Meghan Markle did not phone in for the crisis talks over her and Prince Harry's future role in the royal family, a Kensington Palace spokesperson has confirmed.
But she was not "barred" from the meeting as was reported in the British press, the spokesman said.
The Duchess of Sussex was in Canada with her 8-month-old son Archie on Monday as the Queen, Prince Charles, Prince William and Prince Harry gathered at the family's Sandringham estate to discuss the Sussexes' wish to move to North America and become more independent.
Meghan had been expected to dial into the meeting via Skype, but the family eventually decided she wasn't needed, a Kensington Palace official said.
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"In the end, the Sussexes decided that it wasn't necessary for the Duchess to join," they said.
Earlier, royal sources had told local media she was blocked from the talks over fears her call could be intercepted or recorded.
The 90-minute meeting in Norfolk ended with a statement directly from the Queen on Monday.
"Today my family had very constructive discussions on the future of my grandson and his family," it said.
"These are complex matters for my family to resolve, and there is some more work to be done, but I have asked for final decisions to be reached in the coming days," it added.
Prince Philip, the Duchess of Cornwall and the Duchess of Cambridge were also not involved in the discussions, which took place inside the estate's Long Library, according to Hello Magazine.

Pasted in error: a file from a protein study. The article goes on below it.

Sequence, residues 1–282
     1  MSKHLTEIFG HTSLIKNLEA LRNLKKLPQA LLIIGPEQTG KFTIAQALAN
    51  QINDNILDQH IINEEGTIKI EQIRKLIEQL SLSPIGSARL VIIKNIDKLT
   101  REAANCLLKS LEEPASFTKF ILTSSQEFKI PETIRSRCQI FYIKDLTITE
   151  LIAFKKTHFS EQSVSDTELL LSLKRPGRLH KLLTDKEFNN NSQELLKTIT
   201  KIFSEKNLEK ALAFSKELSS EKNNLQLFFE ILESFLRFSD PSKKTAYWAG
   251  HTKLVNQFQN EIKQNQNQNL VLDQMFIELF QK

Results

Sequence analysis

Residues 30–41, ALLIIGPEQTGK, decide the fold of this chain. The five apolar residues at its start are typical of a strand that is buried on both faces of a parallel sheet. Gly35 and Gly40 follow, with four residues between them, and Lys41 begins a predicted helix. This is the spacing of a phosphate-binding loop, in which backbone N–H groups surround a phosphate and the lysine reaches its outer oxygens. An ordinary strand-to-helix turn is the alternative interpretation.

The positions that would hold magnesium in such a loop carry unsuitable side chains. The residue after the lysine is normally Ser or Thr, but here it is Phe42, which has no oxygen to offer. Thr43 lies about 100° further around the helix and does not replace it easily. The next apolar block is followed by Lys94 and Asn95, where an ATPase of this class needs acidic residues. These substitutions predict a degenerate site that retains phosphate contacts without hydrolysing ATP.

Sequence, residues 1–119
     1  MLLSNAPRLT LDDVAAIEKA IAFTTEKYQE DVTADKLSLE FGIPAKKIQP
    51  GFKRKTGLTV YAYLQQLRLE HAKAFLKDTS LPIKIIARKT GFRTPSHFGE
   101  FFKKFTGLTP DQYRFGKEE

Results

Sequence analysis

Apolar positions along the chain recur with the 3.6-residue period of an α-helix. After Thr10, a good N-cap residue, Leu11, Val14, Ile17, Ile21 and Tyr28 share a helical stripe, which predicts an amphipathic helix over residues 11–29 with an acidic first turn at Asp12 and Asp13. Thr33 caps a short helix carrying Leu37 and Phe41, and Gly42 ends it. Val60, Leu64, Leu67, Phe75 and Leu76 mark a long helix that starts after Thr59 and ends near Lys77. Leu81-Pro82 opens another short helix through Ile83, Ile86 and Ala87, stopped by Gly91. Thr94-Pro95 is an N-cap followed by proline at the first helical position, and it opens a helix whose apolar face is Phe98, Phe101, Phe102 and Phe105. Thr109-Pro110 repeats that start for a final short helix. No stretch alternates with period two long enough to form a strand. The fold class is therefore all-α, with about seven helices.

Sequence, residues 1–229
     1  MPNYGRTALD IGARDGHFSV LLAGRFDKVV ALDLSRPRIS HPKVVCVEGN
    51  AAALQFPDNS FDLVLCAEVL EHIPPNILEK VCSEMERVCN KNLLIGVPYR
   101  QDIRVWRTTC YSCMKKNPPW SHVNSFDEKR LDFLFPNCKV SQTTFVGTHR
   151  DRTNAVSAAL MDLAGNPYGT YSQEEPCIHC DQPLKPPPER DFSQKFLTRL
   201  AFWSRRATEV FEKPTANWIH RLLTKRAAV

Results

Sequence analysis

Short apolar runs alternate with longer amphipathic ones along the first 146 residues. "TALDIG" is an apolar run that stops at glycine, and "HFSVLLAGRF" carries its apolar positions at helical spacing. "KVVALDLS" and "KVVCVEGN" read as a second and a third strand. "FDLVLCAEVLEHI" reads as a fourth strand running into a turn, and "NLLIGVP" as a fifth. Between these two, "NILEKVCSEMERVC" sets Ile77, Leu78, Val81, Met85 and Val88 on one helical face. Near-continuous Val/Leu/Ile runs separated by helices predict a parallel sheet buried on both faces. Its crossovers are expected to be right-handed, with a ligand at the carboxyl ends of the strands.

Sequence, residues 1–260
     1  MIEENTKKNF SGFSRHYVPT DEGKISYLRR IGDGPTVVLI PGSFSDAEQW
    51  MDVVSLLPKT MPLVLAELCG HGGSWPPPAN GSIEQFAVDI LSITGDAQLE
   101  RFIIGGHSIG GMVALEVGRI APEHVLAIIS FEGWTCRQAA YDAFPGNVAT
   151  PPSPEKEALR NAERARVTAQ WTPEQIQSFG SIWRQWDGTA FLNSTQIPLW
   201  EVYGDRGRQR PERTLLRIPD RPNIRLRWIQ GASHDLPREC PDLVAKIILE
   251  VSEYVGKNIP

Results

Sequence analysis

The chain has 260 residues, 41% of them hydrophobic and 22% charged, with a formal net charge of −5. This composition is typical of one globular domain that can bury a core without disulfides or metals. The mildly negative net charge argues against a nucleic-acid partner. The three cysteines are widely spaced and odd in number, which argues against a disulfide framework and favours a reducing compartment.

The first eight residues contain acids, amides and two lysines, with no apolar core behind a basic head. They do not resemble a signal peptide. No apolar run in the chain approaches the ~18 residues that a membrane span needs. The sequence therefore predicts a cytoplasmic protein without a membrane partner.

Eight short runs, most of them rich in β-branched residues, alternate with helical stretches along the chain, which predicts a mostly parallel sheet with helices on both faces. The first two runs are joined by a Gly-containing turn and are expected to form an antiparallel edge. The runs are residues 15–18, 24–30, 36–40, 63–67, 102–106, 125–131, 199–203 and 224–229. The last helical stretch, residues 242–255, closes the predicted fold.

But each of the four family heads were accompanied by their private secretaries, including Sir Edward Young for the Queen, Clive Alderton for Prince Charles, Simon Case for Prince William and Fiona Mcilwham for Prince Harry.
Mcilwham, who worked for the UK Foreign and Commonwealth Office before joining the Sussex household, has reportedly joked with colleagues over the latest drama.
"I was offered the Iran desk [at the FCO]. That might have been easier".
With the clock now ticking down, negotiations kicked into overdrive on Tuesday.
Prince Harry is scheduled to host the Rugby League World Cup draws for the 2021 men's, women's and wheelchair tournaments at Buckingham Palace on Thursday, but is then expected to fly back to Canada.
In an interview with the Global News television network, Prime Minister Justin Trudeau also confirmed his government was now involved.
"I think most Canadians are very supportive of having royals here, but how that looks and what kind of costs are involved, there are still lots of discussions to have," he said.
"There are still a lot of decisions to be taken by the royal family, by the Sussexes themselves as to what level of engagement they choose to have."
One of the main issues yet to be ironed out, for example, is the cost of the couple's security and who should pay for it.
On Monday, Canadian finance minister Bill Morneau said the government had not yet decided if it would help foot the bill.
"We obviously are always looking to make sure, as a member of the Commonwealth, we play a role. (But) we have not had any discussions on that subject at this time," he told reporters.
Meanwhile, British Prime Minister Boris Johnson refused to weigh in during an interview with BBC Breakfast on Tuesday morning (UK time).
"My view on this is very straightforward," he said.
"I am a massive fan, like most of our viewers, of the Queen and the royal family as a fantastic asset for our country.
"I'm absolutely confident that they are going to sort this out. But they are going to sort it out much more easily without a running commentary from politicians."
Prince William was spotted looking stony-faced as he prepared to get on with his royal duties on Tuesday.
But former BBC correspondent Peter Hunt said his youngest children, four-year-old Princess Charlotte and one-year-old Prince Louis, may benefit from the Sussexes demand for extra freedom in the future.
"Harry and Meghan are breaking the mould of what it means to be a senior royal. Charlotte and Louis may well thank them in the future," he tweeted.